Dozens of Georgians exposed to toxic chemicals in home COVID-19 test kits – WSB-TV Channel 2

The COVID-19 test kit you might have at home probably contains a toxic chemical. The Georgia Poison Center told Channel 2 Action News over the past few months they had received dozens of calls from children and adults accidentally exposed to the substance.

The government has sent out hundreds of millions of free COVID test kits, which are also widely available in stores. This is a quick 15 minute nasal swab test to check if you have COVID.

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But in most tests, the active ingredient that helps determine the result is sodium azide, a toxic chemical.

Channel 2’s Tom Regan spoke to a mum who said she was careful about getting tested, especially with her children. “They know not to touch me when I take a COVID test. This is serious business,” said Erin Dawson, mother of two.

“This product can be dangerous. In some cases, if enough is ingested, it can cause your blood pressure to drop…The other thing we know sodium azide can irritate the gut, irritate the stomach,” said Dr. Gaylord Lopez , executive director of the Georgia Poison Center.

He said that in recent months they have handled dozens of accidental sodium azide ingestion calls.

In some cases, people confused the small dispenser containing the test chemical with eye drops. In some products, the packaging is very similar. “We had a dad give this to their kid thinking it was eye drops,” Lopez said.

Children have also consumed the chemical in their belief that it is a sweet little treat. Others have reported skin irritation.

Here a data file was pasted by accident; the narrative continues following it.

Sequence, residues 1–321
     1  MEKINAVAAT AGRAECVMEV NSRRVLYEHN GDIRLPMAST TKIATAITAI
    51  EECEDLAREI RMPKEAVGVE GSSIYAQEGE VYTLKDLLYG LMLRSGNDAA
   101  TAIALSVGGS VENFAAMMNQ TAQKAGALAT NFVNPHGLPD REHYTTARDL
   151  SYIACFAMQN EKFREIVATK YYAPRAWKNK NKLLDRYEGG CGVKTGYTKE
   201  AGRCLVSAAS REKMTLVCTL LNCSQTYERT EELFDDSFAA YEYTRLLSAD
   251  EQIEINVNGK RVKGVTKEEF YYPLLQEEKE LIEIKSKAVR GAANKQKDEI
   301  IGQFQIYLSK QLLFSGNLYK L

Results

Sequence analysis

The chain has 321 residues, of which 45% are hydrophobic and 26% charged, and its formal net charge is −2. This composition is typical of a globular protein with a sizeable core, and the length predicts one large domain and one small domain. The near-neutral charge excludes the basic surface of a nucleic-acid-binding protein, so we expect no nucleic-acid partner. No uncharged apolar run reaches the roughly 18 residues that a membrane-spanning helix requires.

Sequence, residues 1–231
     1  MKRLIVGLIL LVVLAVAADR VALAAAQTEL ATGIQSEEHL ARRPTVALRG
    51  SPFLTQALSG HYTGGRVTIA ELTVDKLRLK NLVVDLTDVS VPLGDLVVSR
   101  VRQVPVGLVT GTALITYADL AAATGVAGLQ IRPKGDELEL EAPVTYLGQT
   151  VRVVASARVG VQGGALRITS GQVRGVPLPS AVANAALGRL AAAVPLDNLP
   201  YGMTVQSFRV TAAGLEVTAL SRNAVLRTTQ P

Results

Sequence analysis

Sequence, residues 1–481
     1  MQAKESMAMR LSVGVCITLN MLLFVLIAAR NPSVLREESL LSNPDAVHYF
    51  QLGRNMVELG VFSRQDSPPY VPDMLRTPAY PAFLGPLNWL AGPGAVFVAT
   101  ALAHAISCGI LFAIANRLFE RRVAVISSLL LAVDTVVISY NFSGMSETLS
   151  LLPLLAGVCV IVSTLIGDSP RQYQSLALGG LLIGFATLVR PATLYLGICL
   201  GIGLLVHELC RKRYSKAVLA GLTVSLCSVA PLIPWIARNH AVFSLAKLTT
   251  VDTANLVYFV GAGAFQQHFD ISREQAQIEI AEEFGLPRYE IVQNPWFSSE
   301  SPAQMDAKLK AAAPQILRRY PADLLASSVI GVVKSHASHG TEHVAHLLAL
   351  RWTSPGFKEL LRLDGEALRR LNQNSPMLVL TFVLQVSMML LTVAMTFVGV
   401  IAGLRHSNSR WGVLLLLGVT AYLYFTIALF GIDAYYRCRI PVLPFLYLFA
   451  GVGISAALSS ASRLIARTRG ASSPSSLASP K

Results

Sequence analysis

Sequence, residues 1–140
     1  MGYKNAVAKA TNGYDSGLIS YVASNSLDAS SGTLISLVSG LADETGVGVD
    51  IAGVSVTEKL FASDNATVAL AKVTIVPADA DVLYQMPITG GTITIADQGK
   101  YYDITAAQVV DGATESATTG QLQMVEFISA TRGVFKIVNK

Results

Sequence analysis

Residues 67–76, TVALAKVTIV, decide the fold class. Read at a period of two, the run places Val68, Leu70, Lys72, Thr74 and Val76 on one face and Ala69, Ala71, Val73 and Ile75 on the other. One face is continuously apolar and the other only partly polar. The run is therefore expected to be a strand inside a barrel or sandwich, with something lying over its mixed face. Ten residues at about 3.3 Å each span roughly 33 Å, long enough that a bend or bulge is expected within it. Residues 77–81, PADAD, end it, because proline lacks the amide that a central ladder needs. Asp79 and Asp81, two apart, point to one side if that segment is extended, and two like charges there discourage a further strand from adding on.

There is also the case of the person who thought the little packet contained water flavoring drops. “They mistakenly took one of these packets and put it in a bottle of water and drank all of their water and only realized afterwards, ‘Where’s the solution for my COVID test? ‘” Lopez said.

Sodium azide is colorless, tasteless and odorless. It is also used as an explosive filler in automobile airbags and as a preservative in laboratories and hospitals.

Exposure to large amounts of chemicals can cause serious health problems, including respiratory failure resulting in death.

Fortunately, the amount used as a reagent in COVID testing is tiny, less than an ounce. That’s why the Georgia Poison Center hasn’t recorded any hospitalizations. “We were able to handle those cases at home and luckily we didn’t have any major issues,” Lopez said.

“I think that’s something parents should know,” Dawson said.

But most of the parents Regan spoke with were unaware that a toxic chemical is used in home COVID testing. “I mean, there should at least be a warning to parents that there is something unsafe,” said Carlan Howard, a mother.

Polly Waller is among the parents who told Regan they wouldn’t let children near a COVID test kit unless they were testing them. “The ones we got from the government, we put them in the medicine cabinet, so they couldn’t reach them,” Waller said.

“I’m very careful about missing things, especially COVID kits that are hard to come by,” Dawson said.

The Georgia Poison Center said it received a report of a dog breaking into the remains of a test kit. He didn’t get sick. The director said COVID test kit materials should be properly disposed of after use.


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Abbot Labs, the maker of Binax Now, sent this statement to Channel 2:

“Binax Now is safe to use and a powerful tool for detecting Covid-19 infections. It contains only a trace amount of sodium azide as a preservative. When used as directed, the solution of reagent does not come into contact with skin, eyes or mucous membranes.

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